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Dublin: 14 °C Wednesday 22 May, 2019
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The 'warm-up run' that ended up breaking a long-standing Irish sprinting record

Cork’s Phil Healy reflects on a memorable evening in Santry this week.

“UNREAL,” PHIL HEALY beams as she reflects on a rather memorable Wednesday evening in Santry.

Phil Healy celebrates qualifying for the final Source: Tommy Dickson/INPHO

The Cork star produced a blistering run to break the Irish female outdoor record for 100m, etching her name into history with a time of 11.28 seconds.

The previous record, 11.40, was long-standing, one which Ailis McSweeney set in 2011 and Amy Foster equaled four years ago, but Bandon AC’s Healy admits that it’s not something she was chasing by any means.

It just happened.

Herself and her coach, Shane McCormack, weren’t even targeting the race. Early on in the week, they decided why not. Conditions looked great, she says, and that they were. The sun glistened down and the winds were nothing but calm.

Her eyes were on the 400m. She’s contesting that distance in Geneva this weekend — straight back to work — so she wanted to be confident going in. It would just be an execution of her race plan, if you like.

“The 100m was just before the 400m so we just said we’d treat it as a warm-up run,” she tells The42, more than happy to take some time out of her hectic schedule the following day.

“Conditions looked great — a warm night in Santry with calm winds, you can’t beat it. I ran underneath the record three times already this season but the wind has been over the legal limit.

“Last night, when the wind looked favourable, we said, ‘We might as well go for it’. It was just about executing the race. If the time came, it came and it was a bonus but if not, the focus was moving to the 400m.

“It was kind of ticking a box on the night and just jumping into both and treating it as a training session all round.”

Phil Healy Source: Tommy Dickson/INPHO

She says it herself — in hindsight, her early form indicated that she could reach those standards, and break that record. In early May she ran 11.24 (+2.5) and 11.16 (+3.0), but while the potential for something major was there, her focus was elsewhere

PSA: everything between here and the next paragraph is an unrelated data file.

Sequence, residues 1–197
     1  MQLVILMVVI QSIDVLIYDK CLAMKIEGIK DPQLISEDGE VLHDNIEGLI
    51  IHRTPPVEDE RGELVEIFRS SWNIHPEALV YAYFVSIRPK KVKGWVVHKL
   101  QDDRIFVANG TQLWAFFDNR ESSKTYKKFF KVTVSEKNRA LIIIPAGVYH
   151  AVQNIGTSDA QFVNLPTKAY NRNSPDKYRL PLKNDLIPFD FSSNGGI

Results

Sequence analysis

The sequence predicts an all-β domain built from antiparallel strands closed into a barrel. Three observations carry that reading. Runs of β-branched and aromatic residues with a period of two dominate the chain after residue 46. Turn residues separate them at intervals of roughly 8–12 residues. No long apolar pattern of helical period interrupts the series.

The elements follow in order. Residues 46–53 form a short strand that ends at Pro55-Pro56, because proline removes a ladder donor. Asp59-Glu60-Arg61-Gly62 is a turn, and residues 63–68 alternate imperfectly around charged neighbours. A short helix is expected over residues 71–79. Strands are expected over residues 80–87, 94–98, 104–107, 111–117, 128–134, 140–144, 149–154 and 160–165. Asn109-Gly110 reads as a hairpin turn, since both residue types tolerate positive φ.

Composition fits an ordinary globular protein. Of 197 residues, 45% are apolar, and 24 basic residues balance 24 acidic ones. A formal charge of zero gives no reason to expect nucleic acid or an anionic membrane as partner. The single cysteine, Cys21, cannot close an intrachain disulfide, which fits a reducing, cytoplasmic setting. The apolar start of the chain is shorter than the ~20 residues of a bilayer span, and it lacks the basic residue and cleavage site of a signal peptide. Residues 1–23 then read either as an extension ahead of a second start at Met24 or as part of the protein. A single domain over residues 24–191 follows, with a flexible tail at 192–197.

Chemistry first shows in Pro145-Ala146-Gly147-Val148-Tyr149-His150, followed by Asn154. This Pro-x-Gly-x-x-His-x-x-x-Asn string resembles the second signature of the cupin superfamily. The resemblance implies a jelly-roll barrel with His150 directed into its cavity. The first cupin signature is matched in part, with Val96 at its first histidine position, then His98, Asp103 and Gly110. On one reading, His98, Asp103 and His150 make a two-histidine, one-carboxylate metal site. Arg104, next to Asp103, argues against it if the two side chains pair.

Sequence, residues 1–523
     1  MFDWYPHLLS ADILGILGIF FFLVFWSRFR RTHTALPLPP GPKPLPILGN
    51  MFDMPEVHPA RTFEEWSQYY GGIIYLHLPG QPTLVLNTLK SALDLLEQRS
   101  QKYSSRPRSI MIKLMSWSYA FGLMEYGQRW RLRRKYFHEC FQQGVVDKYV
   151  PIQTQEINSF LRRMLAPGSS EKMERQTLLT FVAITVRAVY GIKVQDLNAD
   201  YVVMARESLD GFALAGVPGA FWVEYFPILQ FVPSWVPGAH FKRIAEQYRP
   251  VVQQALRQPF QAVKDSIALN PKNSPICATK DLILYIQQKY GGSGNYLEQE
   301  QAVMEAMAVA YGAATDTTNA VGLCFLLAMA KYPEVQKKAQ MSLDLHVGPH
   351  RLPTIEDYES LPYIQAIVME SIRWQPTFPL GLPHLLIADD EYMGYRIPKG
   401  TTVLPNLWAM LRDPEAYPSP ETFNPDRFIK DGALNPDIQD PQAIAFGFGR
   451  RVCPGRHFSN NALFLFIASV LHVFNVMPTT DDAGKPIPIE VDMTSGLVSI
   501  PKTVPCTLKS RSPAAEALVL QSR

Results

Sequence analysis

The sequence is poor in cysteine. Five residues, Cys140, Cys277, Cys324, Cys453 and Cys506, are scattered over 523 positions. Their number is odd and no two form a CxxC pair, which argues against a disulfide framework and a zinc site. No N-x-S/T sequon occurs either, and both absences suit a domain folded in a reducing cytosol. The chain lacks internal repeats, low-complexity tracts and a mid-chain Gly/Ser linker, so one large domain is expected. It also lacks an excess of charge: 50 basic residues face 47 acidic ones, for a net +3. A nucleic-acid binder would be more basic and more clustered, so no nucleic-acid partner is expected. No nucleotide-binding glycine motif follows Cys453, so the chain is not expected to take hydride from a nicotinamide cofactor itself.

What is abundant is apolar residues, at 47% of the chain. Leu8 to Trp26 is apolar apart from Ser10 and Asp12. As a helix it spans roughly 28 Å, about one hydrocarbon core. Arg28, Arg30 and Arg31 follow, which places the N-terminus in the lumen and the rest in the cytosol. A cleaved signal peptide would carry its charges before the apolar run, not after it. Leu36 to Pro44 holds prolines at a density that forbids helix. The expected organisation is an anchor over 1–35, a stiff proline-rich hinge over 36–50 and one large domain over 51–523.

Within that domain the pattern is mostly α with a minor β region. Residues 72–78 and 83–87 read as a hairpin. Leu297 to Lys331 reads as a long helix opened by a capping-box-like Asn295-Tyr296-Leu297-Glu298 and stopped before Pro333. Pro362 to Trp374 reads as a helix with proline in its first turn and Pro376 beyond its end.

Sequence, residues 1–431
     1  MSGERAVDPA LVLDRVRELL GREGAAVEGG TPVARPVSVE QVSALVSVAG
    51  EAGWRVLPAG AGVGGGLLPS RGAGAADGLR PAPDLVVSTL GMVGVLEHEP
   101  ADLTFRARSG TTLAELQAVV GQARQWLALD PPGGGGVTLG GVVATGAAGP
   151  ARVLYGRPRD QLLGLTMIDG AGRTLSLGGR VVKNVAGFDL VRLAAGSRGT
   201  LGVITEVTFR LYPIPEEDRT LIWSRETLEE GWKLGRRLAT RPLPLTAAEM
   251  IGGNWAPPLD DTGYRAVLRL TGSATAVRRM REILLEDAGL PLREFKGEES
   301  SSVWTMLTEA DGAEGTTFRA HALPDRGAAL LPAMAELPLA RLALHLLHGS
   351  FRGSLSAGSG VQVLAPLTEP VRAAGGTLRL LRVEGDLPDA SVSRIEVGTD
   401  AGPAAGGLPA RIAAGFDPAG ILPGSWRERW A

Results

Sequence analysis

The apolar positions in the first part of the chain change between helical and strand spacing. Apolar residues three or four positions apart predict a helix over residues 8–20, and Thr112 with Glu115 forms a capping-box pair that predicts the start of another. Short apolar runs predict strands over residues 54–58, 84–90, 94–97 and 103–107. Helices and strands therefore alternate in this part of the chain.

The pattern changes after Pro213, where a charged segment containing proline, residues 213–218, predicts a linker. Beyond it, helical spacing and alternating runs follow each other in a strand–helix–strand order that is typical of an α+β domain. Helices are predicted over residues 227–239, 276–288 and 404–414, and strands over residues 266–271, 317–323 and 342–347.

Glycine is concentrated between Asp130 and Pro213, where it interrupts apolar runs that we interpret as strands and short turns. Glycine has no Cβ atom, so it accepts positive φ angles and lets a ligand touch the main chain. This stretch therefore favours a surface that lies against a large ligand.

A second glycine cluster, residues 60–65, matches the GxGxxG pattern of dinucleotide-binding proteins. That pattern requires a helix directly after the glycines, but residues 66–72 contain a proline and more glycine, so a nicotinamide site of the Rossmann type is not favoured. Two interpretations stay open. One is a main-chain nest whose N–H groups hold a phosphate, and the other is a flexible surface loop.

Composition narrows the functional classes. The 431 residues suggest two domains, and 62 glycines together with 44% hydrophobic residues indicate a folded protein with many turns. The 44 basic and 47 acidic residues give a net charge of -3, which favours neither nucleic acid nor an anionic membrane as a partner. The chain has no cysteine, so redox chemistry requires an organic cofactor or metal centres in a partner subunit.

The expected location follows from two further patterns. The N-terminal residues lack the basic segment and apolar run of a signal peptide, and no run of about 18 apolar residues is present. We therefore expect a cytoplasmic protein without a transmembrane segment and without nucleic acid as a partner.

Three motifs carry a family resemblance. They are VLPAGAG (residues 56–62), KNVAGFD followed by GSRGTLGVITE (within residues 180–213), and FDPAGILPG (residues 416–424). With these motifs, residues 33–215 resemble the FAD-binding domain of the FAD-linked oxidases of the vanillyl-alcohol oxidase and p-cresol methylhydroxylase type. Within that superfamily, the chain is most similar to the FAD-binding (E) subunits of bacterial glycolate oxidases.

“The signs have been there, the signs have been there in training but we weren’t chasing it or we weren’t focusing on it,” she continues.

“Like we could go all 100ms and 200ms, go that way and just chase the record and chase standards but we were like, ‘No, the 400m is the main aim’.

“The 100m was just about dropping down, having a bit of fun, using it as a speed session more than anything. If the time came it was a bonus, as I said, and if it didn’t, we’d be just moving on.”

And 15 minutes after taking the crown as Ireland’s fastest woman, Healy went and clocked an outdoor personal best time of 52.63 seconds in the 400m.

It’s the main one, she insists, and has been the target throughout the whole year.

She was obviously chuffed with her effort across the extended distance but refuses to get too carried away:

“It was just about going and executing that race then ahead of Geneva because I didn’t want to go to Geneva without running a 400m beforehand.

“It’s a high level that I need to be at and that was my practice run as such.”

The 23-year-old speaks enthusiastically about her training, and how mixing it up and making it more versatile is reaping its benefits and leading to improvements.

She grins that 200m is her favourite ‘at the moment’ but that’s liable to change. It’s all about switching things up and keeping it fresh. Back in 2014 and 2015, for example, it was just 100m and 200m all the time and the technicality and monotony of such left her frustrated.

Healy gives nothing but glowing accounts of her coach Shane McCormack — ‘the man with the plan,’ as she tweeted after clocking 11.28 at Dublin Athletic Board’s Graded Meet 4 — and how he has brought her on leaps and bounds.

Based in Waterford now for her Masters studies in Enterprise Computer Software, she’s close to his set-up in Wexford and that all helps.

“Shane sees me every day, he can tweak sessions, add things in. He’s down monitoring, [has] eyes on me the whole time and that’s where the improvement has come.

“We get on really well. He knows exactly what works for me and there’s an absolutely super squad around us.